The changing political landscape may also mean new chief information officers are appointed.
As 2010 draws to a close, many jurisdictions are heading into an uncertain future. Government revenue in many locations will stay flat for the next few years, and spending reduction is a top priority for a large portion of existing and newly elected political leaders across the nation.
What this means for government IT professionals is uncertain — but it’s probably fair to say that it won’t be business as usual.
The changing landscape is most apparent at the state level, where more than half the states chose new governors in the November mid-term elections. When combined with previously announced retirements and resignations, this means that some 30 states could be appointing new CIOs in early 2011.
Leadership changes will occur in states undertaking some of the nation’s most significant public-sector IT initiatives. In California, Gov.-elect Jerry Brown, a Democrat, inherits a massive IT consolidation effort launched by Republican Gov. Arnold Schwarzenegger and led by state CIO Teri Takai, who left California in November to become CIO of the U.S. Department of Defense. And in Georgia, incoming Gov. Nathan Deal inherits a comprehensive IT outsourcing initiative launched under Gov. Sonny Perdue and led by current state CIO Patrick Moore.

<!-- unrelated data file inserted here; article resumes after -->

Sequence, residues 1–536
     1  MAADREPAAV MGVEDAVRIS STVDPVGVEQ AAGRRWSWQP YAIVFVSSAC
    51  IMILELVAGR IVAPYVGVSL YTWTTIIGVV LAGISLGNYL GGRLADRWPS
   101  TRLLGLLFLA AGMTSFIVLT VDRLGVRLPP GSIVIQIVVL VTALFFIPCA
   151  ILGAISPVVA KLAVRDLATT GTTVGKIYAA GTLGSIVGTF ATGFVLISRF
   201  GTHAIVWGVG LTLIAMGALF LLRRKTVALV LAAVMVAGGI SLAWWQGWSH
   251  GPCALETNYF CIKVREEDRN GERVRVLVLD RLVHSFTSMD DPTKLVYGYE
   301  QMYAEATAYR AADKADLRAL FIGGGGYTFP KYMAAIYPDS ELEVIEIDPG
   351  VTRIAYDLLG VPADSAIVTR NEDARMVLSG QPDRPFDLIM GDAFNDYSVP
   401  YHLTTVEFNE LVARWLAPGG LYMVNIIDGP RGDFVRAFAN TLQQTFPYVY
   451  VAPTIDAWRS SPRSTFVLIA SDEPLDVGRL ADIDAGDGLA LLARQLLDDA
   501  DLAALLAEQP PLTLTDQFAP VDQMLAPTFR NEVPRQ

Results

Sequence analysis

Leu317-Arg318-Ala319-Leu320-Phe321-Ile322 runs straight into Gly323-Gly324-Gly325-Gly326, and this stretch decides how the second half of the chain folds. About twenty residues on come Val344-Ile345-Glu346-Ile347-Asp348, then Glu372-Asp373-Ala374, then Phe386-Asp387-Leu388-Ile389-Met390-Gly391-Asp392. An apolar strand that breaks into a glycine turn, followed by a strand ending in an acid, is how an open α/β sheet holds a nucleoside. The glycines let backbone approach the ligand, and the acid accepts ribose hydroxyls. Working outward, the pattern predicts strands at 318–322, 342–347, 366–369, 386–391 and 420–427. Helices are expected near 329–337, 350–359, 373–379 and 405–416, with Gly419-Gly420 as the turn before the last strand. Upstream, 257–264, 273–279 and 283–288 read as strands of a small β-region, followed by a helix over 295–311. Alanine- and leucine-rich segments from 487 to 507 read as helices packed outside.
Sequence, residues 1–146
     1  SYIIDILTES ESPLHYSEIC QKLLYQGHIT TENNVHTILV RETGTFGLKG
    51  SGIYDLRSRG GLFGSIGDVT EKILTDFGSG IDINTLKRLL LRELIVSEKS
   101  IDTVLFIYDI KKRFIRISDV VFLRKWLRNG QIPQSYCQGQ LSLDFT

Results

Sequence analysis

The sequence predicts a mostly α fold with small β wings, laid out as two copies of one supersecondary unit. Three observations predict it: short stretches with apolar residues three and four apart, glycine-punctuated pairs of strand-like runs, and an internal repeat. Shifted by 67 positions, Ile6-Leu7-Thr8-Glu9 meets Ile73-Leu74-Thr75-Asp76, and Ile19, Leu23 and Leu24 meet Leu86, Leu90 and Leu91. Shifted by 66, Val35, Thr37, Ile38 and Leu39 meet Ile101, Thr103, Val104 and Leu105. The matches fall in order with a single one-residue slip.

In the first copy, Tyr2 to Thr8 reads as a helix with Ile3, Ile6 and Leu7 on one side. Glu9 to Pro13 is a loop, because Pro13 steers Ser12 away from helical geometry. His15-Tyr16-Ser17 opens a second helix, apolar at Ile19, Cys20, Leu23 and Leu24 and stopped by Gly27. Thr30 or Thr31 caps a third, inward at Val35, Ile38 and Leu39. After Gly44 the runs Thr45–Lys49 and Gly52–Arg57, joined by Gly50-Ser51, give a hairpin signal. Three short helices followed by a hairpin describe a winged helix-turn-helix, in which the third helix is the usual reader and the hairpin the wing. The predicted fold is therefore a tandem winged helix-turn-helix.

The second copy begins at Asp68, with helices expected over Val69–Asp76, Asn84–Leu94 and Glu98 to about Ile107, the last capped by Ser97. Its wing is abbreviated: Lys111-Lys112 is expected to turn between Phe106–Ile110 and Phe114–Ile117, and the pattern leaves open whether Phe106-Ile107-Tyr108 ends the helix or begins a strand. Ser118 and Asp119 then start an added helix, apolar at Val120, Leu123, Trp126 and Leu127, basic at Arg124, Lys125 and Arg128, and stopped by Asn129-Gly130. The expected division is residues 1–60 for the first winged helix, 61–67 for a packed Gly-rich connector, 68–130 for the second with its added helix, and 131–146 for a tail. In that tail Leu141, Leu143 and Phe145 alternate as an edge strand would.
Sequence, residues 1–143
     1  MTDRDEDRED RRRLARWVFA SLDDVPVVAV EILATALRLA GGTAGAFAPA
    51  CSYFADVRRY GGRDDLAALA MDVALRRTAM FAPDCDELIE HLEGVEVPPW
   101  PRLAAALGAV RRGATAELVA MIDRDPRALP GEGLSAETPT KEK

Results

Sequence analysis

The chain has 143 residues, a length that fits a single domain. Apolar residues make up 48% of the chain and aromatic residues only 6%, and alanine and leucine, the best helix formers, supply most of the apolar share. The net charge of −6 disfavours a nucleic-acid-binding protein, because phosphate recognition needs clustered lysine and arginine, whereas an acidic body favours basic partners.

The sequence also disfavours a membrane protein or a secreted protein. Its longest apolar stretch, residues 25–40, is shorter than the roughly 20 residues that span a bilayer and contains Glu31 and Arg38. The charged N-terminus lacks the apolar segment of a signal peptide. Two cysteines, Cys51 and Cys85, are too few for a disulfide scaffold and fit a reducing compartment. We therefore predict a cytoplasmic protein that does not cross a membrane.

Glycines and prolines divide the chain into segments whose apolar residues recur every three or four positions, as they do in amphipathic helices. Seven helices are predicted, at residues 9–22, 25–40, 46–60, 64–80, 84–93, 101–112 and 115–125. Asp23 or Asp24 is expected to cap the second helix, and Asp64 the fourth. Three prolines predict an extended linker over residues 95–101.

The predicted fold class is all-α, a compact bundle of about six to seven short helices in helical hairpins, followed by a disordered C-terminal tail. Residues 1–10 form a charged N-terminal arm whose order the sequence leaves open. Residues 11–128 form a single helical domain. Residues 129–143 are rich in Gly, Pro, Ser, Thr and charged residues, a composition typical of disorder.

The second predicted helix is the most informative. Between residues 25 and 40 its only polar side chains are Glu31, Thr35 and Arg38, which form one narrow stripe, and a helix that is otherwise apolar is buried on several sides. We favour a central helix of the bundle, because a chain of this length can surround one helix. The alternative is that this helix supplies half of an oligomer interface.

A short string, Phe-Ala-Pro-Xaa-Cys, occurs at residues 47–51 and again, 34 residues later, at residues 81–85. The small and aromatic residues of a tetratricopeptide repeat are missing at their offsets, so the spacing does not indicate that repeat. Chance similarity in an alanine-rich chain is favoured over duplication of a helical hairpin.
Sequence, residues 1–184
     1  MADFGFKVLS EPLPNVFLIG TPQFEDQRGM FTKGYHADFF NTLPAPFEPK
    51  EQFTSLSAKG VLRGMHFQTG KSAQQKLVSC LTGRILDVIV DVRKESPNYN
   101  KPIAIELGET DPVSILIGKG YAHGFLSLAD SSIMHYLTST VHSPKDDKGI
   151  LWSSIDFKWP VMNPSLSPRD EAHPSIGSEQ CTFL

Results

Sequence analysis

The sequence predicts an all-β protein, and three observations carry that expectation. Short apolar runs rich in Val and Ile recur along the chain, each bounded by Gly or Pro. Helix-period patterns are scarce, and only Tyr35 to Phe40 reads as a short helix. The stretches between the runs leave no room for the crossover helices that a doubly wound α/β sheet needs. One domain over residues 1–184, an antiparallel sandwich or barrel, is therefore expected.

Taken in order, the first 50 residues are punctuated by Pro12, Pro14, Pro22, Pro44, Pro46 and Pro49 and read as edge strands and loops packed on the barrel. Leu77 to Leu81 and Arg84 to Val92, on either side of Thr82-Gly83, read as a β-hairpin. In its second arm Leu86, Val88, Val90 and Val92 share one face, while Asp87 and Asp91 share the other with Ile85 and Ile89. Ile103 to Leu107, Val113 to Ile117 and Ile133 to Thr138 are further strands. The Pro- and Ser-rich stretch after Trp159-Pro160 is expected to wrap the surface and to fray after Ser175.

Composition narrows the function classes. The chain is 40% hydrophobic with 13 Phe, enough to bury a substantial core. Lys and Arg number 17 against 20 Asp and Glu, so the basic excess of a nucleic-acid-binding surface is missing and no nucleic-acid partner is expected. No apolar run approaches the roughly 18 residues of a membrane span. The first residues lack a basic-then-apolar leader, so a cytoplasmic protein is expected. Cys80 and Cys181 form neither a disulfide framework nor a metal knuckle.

These and other initiatives may very well continue under the next chief executive, but there’s no guarantee they’ll receive the same level of support or avoid significant changes.
A number of incoming governors also were elected on promises to shrink government and shun tax increases. How this will impact current IT initiatives is unclear — but it could lend more support to consolidation and shared service initiatives if incoming governors understand the importance of those efforts.
Ohio, which launched an aggressive shared services initiative in 2008, is a case in point. Incoming Republican Gov. John Kasich faces what could be an $8 billion state budget deficit. He’s vowed to cut taxes and “skinny down” state government bureaucracy. Ohio Shared Services — a partnership of 15 state agencies led by the Ohio Office of Budget and Management — looks like a step toward achieving those goals. The initiative — launched under Democratic Gov. Ted Strickland — offers a suite of shared financial applications to participating state agencies, cutting costs and resource duplication.
Change isn’t confined to state government either. One local government standout, Chicago CIO Hardik Bhatt, left public service in October, after Mayor Richard Daley announced he wouldn’t seek re-election in 2011. Under Daley, Bhatt was a consistent innovator, and he had assumed broad responsibility for tech-related education and work force development initiatives in the city. Meanwhile, the future of Washington, D.C., CTO Bryan Sivak turned uncertain in November when Mayor Adrian Fenty lost his bid for re-election.
At this point, it’s hard to say what 2011 has in store, but it’s clear things won’t be the same.
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